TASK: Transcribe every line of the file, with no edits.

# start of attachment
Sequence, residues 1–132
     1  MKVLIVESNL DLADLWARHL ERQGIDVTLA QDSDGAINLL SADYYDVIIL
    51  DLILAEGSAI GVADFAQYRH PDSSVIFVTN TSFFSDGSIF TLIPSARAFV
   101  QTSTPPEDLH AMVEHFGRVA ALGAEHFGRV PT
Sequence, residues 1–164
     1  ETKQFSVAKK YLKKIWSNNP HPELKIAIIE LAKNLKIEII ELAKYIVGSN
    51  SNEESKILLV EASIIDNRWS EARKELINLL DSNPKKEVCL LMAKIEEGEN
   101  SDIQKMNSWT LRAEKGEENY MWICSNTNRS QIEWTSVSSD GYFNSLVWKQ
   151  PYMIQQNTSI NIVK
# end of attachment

Sequence, residues 1–132
     1  MKVLIVESNL DLADLWARHL ERQGIDVTLA QDSDGAINLL SADYYDVIIL
    51  DLILAEGSAI GVADFAQYRH PDSSVIFVTN TSFFSDGSIF TLIPSARAFV
   101  QTSTPPEDLH AMVEHFGRVA ALGAEHFGRV PT
Sequence, residues 1–164
     1  ETKQFSVAKK YLKKIWSNNP HPELKIAIIE LAKNLKIEII ELAKYIVGSN
    51  SNEESKILLV EASIIDNRWS EARKELINLL DSNPKKEVCL LMAKIEEGEN
   101  SDIQKMNSWT LRAEKGEENY MWICSNTNRS QIEWTSVSSD GYFNSLVWKQ
   151  PYMIQQNTSI NIVK